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Doki Doki Literature Club is a hidden horror game for the internet age

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We players like to be in charge of our games. We save before boss battles. We watch how our choices change the story flow. Many of us know how to access game data if needed. Most of all, we like knowing we’ve out-smarted the game. And there’s no easier style of game to out-smart than a dating sim. Right?

Japanese-style dating games often stick to an aesthetic and tone that’s all but synonymous with the genre: bouncy anime blended with air-headed girls, all clamouring to get the attention of the male protagonist. Doki Doki Literature Club slips into that style seamlessly. Only one thing sets it apart – the tagline. “This game is not suitable for children or those who are easily disturbed.” Beyond that there are no hints in the game trailer, no secrets in the description.

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This, the sense of something sinister hiding in plain sight, is the first aspect of its success that feels so very modern. It’s a not-so-secret secret begging to go viral, the warning practically demanding to be shared. Even titles that try to pretend they aren’t horror generally add a little nudge and an eyebrow waggle in the screen shots or trailer. They don’t trust their audience enough to dig deep enough or stick around for long enough to discover the game’s true nature for themselves. Doki Doki Literature Club commits to the ultimate trust-fall: that the wildfire-like nature of social media and Let’s Plays can carry a fantastic horror game like this into fame and notoriety. No hints required, apart from that tagline.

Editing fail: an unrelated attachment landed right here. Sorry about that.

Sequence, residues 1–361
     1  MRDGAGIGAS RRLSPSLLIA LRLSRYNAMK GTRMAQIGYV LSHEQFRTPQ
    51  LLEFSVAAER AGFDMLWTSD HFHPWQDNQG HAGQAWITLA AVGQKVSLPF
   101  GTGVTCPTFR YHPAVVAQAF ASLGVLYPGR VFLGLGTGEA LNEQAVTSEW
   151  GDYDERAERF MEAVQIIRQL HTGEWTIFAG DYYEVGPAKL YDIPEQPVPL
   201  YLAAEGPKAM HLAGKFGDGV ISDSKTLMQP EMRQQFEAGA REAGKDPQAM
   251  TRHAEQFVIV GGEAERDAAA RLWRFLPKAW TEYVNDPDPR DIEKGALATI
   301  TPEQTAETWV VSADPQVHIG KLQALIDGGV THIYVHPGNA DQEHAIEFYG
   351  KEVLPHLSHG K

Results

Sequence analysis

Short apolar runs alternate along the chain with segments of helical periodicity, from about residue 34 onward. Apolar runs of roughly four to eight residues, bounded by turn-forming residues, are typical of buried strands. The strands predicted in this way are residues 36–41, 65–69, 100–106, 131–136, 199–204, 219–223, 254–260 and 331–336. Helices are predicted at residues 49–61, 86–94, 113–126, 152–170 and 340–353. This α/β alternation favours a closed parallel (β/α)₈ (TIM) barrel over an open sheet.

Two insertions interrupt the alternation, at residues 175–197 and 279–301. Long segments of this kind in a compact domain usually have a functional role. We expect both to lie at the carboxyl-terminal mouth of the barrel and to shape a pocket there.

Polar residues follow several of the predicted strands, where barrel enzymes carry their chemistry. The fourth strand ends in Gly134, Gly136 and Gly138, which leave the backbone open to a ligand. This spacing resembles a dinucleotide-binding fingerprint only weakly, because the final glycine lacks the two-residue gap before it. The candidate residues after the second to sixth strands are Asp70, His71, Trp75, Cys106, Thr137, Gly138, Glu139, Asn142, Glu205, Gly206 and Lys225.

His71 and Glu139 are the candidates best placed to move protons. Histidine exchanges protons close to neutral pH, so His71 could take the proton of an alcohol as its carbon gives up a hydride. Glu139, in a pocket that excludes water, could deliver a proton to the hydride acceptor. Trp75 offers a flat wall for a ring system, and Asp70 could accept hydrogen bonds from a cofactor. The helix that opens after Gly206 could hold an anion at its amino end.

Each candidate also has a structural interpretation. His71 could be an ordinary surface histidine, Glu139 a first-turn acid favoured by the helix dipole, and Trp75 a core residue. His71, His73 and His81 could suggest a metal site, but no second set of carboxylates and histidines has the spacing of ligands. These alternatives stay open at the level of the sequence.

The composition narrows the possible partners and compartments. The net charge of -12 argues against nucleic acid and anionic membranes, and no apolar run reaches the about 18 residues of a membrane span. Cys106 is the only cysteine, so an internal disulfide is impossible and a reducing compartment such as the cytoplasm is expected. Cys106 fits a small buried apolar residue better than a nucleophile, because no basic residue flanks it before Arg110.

The game isn’t set up to try and trick you, though. Instead, it sets you up for the perfect fall – one that relies on you knowing you’re playing a horror game.

Inevitably, you start to get comfortable. The lilted music gets to be familiar. The game even pokes fun at classic Japanese romance game tropes. Boobs are grazed by accident, and failures in translation are pointed out. You start to learn that the girls you’re struggling to woo are akin to actual people. You start to like them. Just a little. Just enough.

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With a surgeon’s precision, the lightest of hints are dropped. Enough to remind you that this is a horror game, and it could pull the curtain back on the dating game facade whenever it wants to. Waiting for the other shoe to drop is almost as harrowing as the impact when it finally does.

The effectiveness of Doki Doki’s terror relies heavily on its manipulation of the game itself. Some niche titles have dabbled in this approach. Crashing the game and forcing you to restart the client. Secretly placing extra files on your desktop. The freshness has worn off of these tricks. Doki Doki Literature Club changes the angle; rather than adding, it takes away.

There’s a moment where one girl will cheerfully suggest you save your game before making big choices, almost giving a stereotypical wink at the player while doing it. Players know that we’ll load up that save if we’ve made a decision we regret. Once the horror kicks in, saves prove to be fallible. Doki Doki lures you in with the promise of control, then coldly pokes at the facade until it drops.

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To avoid spoilers, I won’t get too specific about the late-game surprises. They’re too good to ruin. But what I will say is that, to reach the end, you’re required to go digging through the files of the game itself. You can keep that folder open and watch as the files get changed around, reflecting what’s happening within the story. Few enough horror games rely on a player’s intelligence, but even rarer are those that demand that the player be tech savvy.

Doki Doki Literature Club needs the viral nature of the internet to exist. It needs the player to be intimate with gaming tropes, especially those of Japanese romance games. It needs the player to be aware that this is a horror game with a clever mask. It needs the player to be willing to get hands on with the game files themselves.

Most of all, it needs the player to think that they have control over the game. Doki Doki can only work its horror-magic if you think you’re in control, so you can watch in fear as it takes that control away.

Doki Doki Literature Club is available now via Steam and is free.

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Amy Josuweit

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